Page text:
Matthew Farrer’s debut novel for Black Library, Crossfire is the first book in the Shira Calpurnia trilogy and introduces us to the character of Shira, newly-arrived Arbitor Senioris of the Hydraphur system. Fiercely devoted to the ideals of the Adeptus Arbites, Shira faces an uphill struggle to adapt to the swirling political waters on Hydraphur where nothing is black and white. After surviving an assassination attempt after just three days on the surface, her investigations soon bring her into conflict with the many political players on Hyrdaphur, the Inquisition, and her own concepts of what it means to be Arbites.
The Arbites are still a strangely under-developed faction within the Imperium, often portrayed as either ineffectual compared to the major military organisations, or simply one-dimensional Judge Dredd-alikes. Farrer develops them much further, showing them as a strong, efficient force capable of doing whatever it takes to see their remit carried out. Black-clad and sinister, when seen from a planetary, non-military perspective their purpose and effectiveness becomes much clearer. While perhaps not quite as detailed a depiction as the Inquisition received in Dan Abnett’s Eisenhorn trilogy, there’s a similar feel to how the Arbites are fleshed out here.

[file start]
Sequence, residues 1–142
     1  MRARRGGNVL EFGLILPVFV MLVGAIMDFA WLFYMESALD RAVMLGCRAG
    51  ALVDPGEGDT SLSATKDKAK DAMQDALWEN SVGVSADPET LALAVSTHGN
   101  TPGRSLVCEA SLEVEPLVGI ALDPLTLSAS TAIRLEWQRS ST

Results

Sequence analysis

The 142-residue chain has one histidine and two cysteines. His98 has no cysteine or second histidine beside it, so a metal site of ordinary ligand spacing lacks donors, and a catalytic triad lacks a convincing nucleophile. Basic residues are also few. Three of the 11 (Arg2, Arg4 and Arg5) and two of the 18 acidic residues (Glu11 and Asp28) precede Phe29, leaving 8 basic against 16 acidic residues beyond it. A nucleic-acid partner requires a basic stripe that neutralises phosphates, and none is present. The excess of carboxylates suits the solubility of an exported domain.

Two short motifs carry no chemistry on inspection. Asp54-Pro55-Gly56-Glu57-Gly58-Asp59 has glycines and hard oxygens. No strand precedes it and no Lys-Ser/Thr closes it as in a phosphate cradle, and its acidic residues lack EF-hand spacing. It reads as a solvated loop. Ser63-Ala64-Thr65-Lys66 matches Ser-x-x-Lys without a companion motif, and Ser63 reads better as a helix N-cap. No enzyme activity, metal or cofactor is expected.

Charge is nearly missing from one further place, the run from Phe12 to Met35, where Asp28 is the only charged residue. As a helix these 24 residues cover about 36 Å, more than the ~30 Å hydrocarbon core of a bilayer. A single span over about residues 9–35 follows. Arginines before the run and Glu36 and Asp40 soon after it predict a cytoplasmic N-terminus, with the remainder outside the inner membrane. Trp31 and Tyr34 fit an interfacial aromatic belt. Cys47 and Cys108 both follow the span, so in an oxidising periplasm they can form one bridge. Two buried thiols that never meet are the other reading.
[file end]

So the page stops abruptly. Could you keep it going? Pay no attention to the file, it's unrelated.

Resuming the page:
Shira herself is upright and by-the-book, and her hands-on approach is completely at odds with the way things are on Hydraphur. There’s a great sense of conflict there that helps us empathise with her, and we learn our way through the complex political twists and turns at the same time as she does…and things really are complex. This is where the book struggles a little, as both the setting and the plot revolve around intricate details that are genuinely interesting, but sometimes just confusing. There’s a wealth of detail here around the history of Hydraphur and the way the system works, which is cleverly constructed but perhaps a little too dense. Things come together very nicely as the plot develops though, so it’s worth persevering when it all becomes a bit baffling.
Overall, this works as both a standalone story and as an exploration of an interesting element of Imperial life. In Shira it’s got a protagonist who’s capable of handling everything that’s thrown at her and whose rigid adherence to her own code provides increasing entertainment, in amongst a plot that – while sometimes a little too tangled – proves to be satisfying and suitably thrilling. Farrer’s imagination and overall storytelling ability shine through, from the vivid detail of life on Hydraphur to some brilliantly delivered set pieces, and nearly fifteen years after publication this still feels fresh and exciting. If you’re after huge battles and straight-up action then perhaps this isn’t the right book for you, but if you like your stories with complex characters and non-military plots then this should be on your list.